Oral cancer screening is looks for signs of cancer or precancerous conditions in your mouth, to identify the disease early when there is a greater chance for a cure.
The screening takes place during a routine dental visit by your dentist’s trained eye. Additional tests are available to aid in identifying abnormal cells in your mouth. The team may discuss your medical history to decide that an oral exam or a special test is right for you based on your risk factors.
Factors that increase the risk of oral cancer:
A previous oral cancer diagnosis
Heavy alcohol use
Tobacco use of any kind, including cigarettes, cigars, pipes, chewing tobacco and snuff.
History of significant sun exposure, which increases the risk of lip cancer
Mouth and throat cancers have been on the rise. An increasing number of these are associated with the sexually transmitted infection of human papillomavirus (HPV).
If you’re concerned about cancer risk, talk to your Dr. about which screening tests might be appropriate for you and how to reduce your risk.
Oral exams for oral cancer screening have some limitations;
An oral exam may find sores that are suspect but screening alone cannot determine if the sore is cancerous. Screening may lead to additional testing.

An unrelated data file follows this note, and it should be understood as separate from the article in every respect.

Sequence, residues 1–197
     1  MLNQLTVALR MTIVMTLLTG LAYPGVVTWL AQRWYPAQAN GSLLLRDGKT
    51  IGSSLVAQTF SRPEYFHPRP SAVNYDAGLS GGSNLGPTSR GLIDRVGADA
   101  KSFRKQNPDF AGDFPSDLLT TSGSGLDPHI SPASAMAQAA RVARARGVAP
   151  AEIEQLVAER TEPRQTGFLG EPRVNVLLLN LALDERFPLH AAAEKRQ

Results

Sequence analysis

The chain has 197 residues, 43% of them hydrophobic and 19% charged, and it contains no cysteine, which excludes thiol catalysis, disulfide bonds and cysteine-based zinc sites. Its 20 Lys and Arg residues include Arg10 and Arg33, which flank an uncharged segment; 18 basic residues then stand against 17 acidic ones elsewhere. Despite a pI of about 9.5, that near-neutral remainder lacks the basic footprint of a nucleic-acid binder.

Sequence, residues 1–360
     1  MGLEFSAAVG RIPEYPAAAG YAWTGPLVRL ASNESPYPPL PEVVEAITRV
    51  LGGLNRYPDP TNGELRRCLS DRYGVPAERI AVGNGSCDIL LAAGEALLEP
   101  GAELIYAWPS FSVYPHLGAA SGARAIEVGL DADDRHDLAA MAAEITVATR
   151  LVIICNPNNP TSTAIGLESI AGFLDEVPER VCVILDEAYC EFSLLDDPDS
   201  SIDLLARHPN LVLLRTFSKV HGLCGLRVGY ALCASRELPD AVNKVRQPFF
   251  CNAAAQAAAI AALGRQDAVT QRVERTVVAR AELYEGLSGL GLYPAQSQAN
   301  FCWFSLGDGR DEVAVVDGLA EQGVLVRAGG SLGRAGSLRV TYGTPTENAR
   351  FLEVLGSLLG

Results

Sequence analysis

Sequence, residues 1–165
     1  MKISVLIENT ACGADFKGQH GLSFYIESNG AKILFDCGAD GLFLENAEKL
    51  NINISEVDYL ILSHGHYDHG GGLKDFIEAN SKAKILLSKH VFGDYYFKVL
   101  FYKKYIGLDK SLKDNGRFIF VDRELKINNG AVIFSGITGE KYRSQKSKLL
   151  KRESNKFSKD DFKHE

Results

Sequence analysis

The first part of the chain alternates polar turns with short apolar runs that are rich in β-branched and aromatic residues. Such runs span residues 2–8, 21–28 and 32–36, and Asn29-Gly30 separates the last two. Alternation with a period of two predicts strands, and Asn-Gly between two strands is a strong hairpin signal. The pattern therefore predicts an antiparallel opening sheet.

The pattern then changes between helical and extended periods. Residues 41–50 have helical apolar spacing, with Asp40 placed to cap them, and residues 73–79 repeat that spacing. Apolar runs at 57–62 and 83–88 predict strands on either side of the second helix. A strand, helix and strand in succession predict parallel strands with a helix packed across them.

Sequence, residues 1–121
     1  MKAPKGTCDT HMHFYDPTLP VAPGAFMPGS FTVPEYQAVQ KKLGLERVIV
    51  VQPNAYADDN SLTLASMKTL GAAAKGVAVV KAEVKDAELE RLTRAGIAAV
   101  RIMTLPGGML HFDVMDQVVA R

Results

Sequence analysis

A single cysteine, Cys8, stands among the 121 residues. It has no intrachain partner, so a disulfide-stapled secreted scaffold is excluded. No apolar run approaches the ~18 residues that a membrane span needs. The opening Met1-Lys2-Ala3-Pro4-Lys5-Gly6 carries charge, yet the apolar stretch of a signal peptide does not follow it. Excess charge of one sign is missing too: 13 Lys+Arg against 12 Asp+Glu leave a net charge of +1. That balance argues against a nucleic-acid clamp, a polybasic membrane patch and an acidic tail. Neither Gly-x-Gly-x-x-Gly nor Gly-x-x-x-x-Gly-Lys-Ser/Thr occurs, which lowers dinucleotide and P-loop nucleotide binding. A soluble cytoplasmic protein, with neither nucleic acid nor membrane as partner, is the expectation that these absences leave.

The only way to be sure about oral cancer is to remove a few abnormal cells and test them for cancer. This procedure is called a biopsy.
Screening for oral cancer may help find cancer early. Early treatment is associated with better outcomes.
What can I expect?
Your dentist looks over the inside of your mouth to check for red or white patches or mouth sores. He will check the tissues in your mouth for lumps or other abnormalities and examine your throat and neck for lumps.
These additional screening procedures are available.
Oral cancer screening dye is a rinse your mouth with a special blue dye you use before an exam. Abnormal cells in your mouth may take up the dye and appear blue.
Oral cancer screening light shines in your mouth during an exam. The light makes healthy tissue appear dark and makes abnormal tissue appear white.
Further recommendations will be made if there is any sign of cancer or precancerous lesions:
A follow-up visit is required in a few weeks to check for abnormal tissue and note whether it has grown or changed over time.
A biopsy procedure removes a sample of cells for testing at a laboratory to determine whether cancer cells are present. Your dentist may perform the biopsy, or you may be referred to a doctor who specializes in oral cancer diagnosis and treatment.